You want to learn how to become a computer programmer, but you don't know where to start -- there's so much out there. You've heard of things like "Java", "Object-Oriented Programming", "arrays", "variables", "inheritance", "Perl", "threads", "scripting", "libraries", "PHP". Frankly, your head's spinning.
What's hot in today's programming world? What about old-school languages like FORTRAN? These days, Java, Perl, C, Python, and PHP are the talk of the town. Java and JSP, Python, and PHP are all very common for web and Internet applications. Languages like C and C++ are the foundations for many other languages, like Java and Python, and are used for developing shipped applications programs you would install on your computer. Furthermore, it might surprise you to learn that older languages such as FORTRAN and even Ada still have uses today.
Each programming language has its strengths and abilities, and while you may be able to accomplish the same thing with multiple languages, one may just be more efficient for the task-at-hand than another. This isn't necessarily to say that you should run out and learn everything you can about assembly language; you're more likely to find success in learning a newer, more popular language.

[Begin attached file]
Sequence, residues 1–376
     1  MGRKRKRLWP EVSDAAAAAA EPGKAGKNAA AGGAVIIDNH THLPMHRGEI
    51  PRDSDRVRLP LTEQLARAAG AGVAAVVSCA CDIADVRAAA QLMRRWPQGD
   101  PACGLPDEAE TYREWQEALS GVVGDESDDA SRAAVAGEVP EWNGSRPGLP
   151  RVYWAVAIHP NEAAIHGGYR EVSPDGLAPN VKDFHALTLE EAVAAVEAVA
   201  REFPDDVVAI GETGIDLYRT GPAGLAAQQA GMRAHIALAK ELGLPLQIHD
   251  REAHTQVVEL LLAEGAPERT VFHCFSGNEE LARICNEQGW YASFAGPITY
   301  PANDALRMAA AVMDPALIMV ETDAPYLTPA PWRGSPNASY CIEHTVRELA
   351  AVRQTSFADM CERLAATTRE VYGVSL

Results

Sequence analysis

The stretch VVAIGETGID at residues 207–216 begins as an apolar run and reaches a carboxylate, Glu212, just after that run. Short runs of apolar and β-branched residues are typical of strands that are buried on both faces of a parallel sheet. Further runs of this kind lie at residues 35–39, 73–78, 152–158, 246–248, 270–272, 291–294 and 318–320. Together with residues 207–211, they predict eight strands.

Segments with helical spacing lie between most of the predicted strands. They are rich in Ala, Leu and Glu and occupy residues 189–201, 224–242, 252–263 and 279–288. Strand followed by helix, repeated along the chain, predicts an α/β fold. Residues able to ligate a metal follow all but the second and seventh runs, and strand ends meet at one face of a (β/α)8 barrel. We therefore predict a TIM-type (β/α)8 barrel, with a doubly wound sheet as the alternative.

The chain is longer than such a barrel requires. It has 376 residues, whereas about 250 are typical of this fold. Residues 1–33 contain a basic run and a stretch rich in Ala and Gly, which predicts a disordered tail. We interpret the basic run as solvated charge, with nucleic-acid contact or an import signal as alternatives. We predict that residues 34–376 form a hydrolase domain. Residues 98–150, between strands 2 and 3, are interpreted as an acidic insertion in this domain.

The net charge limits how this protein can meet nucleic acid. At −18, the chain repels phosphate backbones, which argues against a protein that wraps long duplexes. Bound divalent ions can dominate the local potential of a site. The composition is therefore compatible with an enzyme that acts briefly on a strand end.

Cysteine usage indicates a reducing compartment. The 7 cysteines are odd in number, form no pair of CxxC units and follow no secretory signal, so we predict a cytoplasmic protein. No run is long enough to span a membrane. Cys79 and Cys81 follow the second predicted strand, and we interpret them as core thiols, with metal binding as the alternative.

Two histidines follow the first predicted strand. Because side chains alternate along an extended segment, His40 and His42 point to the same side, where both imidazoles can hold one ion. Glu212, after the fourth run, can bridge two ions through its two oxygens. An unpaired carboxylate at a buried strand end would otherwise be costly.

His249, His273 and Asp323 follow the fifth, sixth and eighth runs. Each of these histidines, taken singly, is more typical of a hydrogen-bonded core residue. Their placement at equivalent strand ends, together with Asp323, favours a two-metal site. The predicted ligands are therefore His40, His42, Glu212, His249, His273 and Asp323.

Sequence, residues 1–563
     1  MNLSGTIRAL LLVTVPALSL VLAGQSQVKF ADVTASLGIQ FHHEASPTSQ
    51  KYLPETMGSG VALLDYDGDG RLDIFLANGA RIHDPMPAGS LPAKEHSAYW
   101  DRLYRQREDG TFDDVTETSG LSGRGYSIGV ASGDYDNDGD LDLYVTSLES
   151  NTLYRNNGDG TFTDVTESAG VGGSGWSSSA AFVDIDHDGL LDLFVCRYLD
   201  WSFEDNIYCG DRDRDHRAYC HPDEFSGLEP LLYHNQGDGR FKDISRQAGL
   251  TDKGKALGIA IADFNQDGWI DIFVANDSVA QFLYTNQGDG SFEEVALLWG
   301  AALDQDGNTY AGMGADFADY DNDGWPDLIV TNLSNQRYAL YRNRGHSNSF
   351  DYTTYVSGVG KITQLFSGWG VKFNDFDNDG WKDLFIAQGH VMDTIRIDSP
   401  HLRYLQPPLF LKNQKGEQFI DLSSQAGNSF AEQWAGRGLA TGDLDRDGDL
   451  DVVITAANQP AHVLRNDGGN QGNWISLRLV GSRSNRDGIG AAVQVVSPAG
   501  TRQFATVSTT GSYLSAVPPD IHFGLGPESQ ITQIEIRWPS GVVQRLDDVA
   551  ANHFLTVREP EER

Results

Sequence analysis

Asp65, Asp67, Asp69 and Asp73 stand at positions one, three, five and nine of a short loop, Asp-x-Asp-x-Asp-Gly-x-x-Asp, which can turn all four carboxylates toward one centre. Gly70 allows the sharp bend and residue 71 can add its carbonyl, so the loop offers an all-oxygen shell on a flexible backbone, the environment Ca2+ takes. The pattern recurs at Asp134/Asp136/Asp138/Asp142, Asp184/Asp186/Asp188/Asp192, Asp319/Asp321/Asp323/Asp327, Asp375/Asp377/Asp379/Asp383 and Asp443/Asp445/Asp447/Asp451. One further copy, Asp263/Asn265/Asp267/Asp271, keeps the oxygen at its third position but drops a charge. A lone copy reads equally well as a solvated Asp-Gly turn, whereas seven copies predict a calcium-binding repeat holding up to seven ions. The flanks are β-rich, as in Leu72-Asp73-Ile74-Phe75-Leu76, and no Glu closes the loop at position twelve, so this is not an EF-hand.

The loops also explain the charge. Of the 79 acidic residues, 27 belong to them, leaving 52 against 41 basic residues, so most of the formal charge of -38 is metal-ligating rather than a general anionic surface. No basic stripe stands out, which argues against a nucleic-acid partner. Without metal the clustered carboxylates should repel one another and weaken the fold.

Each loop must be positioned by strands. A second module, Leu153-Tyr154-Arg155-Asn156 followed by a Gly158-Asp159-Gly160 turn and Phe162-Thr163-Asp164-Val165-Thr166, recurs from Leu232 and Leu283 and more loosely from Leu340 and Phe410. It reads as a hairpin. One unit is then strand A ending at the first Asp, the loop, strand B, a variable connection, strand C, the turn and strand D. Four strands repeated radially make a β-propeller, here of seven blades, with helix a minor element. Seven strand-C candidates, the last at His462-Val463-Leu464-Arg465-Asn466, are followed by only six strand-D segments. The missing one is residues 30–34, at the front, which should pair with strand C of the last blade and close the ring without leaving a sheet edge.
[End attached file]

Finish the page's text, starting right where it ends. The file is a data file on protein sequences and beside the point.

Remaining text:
Types of Programming Languages
- Object-Oriented Programming: Java, C++, and Python all fall into this category.
- Scripting Languages: Perl and PHP, to name a few.
- Procedural: Ada, C, Visual Basic, and COBOL.
- Reflective: Lisp, Snobol, Ruby, and Scheme.
Choosing a Programming Language
In order to determine which language is best to learn first, you need to decide what you want to accomplish as a programmer. If you want to work for the government and create nuclear weapon arming procedures or design an air traffic control system, then Ada is a good bet. However, if you want to build a web site to collect user information, you're going to want something more like Java/JSP or PHP.
Also, once you have learned one language, mastering another becomes easier. This is especially true if you work with similar languages, like C++ and Java, Pascal and Delphi -- the former of each set being the foundation for the latter.
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